| Bush and the Middle East|
Senior Fellow, Council on Foreign Relations
Wednesday, June 04, 2003; 10:00 a.m. ET
During President Bush's two-day summit in the Middle East, both the president and Arab leaders strongly condemned acts of terrorism. The Arab leaders of Bahrain, Egypt, Jordan and Saudi Arabia along with Palestinian Prime Minister Mahmoud Abbas attended the meetings. President Bush will also facilitate a meeting with Israeli Prime Minister Ariel Sharon and Abbas to implement the "road map" for a peaceful solution to the Israeli-Palestinian conflict.
Henry Siegman, senior fellow and director at the Council on Foreign Relations U.S. and Middle East Project, will be online Wednesday, June 4 at 10 a.m. ET, to discuss President Bush's trip to the Middle East and the "road map" for peace.
The transcript follows.
Editor's Note: Washingtonpost.com moderators retain editorial control over Live Online discussions and choose the most relevant questions for guests and hosts; guests and hosts can decline to answer questions.
Fairfax, Va.: Could the pre-1967 boards be a reasonable solution or has the many years since then made this line an impossibility?
Henry Siegman: In principle, an agreement between Israel and the Palestinians must be based on the pre-1967 border. The grand bargain, or trade-off, that will make a deal possible is an exchange of the Palestinian renunciation of the right of return of the refugees to Israel proper in return for Israel's removal of its settlements. Everything else falls into the category of detail. Such an arrangement would not preclude the exchange of territory, on both sides of the border, so as to make possible keeping a majority of the settlers in place in approximately 2% of Palestinian territory, in return for comparable Israeli territory that will be turned over to the Palestinians.
Columbia, Md.: Dear Sir,
Can you tell us more about Mr. Abbas, any good references about him (maybe a web site or a book)
Henry Siegman: I am not aware of any books on Mahmoud Abbas. What we know about him is that he is genuinely determined to put an end to Palestinian terrorism, which he believes has damaged the Palestinian cause. However, he is likely to be as tough in negotiations with Israel on the core issues as anyone else in Palestinian leadership.
Washington, D.C. : It's great that things seems to be progressing. What most people don't seem to get, however, is that Israeli reluctance for a Palestinian state is based on ending the occupation of territory taken in 1967 (although a hardcore are against it), but fears of sovereign state alongside it bent on its destruction. This, of course, is why Israel took the land in the first place - not some expansionist zeal. And, to this day, the goals of terrorists are not an end to the occupation, but the destruction of Israel. So, the creation of a Palestinian state, while it may diffuse anger in the Arab world about treatment of the Palestinians is not going to temper the terrorists.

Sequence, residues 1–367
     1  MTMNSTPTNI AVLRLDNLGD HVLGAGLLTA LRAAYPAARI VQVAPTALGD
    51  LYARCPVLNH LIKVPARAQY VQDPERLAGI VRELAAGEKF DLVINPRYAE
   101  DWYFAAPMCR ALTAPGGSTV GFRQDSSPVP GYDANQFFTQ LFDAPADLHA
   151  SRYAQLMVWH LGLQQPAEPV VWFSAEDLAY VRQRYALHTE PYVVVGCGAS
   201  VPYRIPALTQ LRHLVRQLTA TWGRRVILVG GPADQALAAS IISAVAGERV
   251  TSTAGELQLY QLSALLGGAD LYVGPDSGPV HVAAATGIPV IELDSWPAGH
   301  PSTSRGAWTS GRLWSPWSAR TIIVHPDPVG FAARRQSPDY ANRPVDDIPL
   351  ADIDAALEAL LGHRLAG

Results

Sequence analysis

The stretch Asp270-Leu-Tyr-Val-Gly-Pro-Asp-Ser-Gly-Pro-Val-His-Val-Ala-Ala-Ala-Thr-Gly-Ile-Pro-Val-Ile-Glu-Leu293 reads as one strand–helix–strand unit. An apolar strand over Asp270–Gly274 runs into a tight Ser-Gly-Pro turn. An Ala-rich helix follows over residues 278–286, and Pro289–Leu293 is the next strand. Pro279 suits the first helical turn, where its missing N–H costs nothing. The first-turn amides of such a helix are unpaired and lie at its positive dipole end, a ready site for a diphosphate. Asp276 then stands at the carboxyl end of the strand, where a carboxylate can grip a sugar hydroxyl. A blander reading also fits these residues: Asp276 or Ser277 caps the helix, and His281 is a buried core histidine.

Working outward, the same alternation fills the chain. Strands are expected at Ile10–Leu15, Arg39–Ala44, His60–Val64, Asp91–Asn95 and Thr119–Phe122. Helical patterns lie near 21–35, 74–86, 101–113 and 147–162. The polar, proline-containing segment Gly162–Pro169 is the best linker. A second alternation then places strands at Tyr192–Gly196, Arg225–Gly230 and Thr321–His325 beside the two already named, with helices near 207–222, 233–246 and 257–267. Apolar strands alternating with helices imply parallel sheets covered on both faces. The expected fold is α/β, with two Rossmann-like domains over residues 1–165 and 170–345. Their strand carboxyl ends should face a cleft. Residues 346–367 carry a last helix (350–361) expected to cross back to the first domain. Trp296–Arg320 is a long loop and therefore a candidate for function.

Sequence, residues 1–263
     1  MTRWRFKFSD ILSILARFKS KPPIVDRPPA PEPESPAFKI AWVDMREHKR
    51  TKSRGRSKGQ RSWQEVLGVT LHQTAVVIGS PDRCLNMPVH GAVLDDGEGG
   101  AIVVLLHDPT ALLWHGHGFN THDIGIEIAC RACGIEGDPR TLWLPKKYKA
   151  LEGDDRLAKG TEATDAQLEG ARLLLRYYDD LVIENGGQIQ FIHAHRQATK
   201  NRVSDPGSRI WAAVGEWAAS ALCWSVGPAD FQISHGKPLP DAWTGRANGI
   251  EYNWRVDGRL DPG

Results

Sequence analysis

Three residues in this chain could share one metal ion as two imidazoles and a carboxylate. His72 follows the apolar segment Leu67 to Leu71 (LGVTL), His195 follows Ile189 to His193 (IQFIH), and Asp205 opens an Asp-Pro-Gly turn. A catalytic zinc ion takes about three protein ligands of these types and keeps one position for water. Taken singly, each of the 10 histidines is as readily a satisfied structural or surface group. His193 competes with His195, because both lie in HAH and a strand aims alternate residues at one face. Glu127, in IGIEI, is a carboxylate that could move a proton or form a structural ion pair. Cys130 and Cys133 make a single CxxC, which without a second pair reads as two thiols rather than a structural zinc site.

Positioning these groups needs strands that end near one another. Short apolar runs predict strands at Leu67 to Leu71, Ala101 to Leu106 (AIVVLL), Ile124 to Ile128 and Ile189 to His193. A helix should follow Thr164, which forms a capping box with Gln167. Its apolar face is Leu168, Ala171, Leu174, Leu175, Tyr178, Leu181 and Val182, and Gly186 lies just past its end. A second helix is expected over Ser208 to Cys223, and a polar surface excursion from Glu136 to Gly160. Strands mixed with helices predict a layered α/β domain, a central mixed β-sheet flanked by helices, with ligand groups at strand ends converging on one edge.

Imagine a hornets nest of terrorists with crude rockets and anything from biological agents to dirty bombs just blocks away from your house is - because the distances are that small - and people bent on lobbing them over at you.
Nothing that has happened over the last two years has convinced Israeli's that the PA is either willing or capable of cracking down on these characters. In fact, they encouraged it with all the rhetoric celebrating suicide bombers and officially promoting Israel's non-existance in its educational system alongside their right to its territory.
Now, what is different now that will give anyone confidence that the PA is changed and is capable of building a peaceful society alongside Israel?
Henry Siegman: The opposition of the Likud to a Palestinian state has never been solely on security grounds, but primarily on historical and nationalistic grounds. The notion that settlements contribute to Israel's security has been totally discredited. To the contrary, they serve to undermine Israel's security and its capacity to defend itself. It is not unusual for ten or twenty Israeli soldiers to be assigned to protect solitary outposts that have a half a dozen or fewer settlers. Nothing better serves Israel's security than a neighboring Palestinian state that offers hope and prospects for a better future for three and a half million Palestinians who have lived since 1967 under occupation and in total disenfranchisement.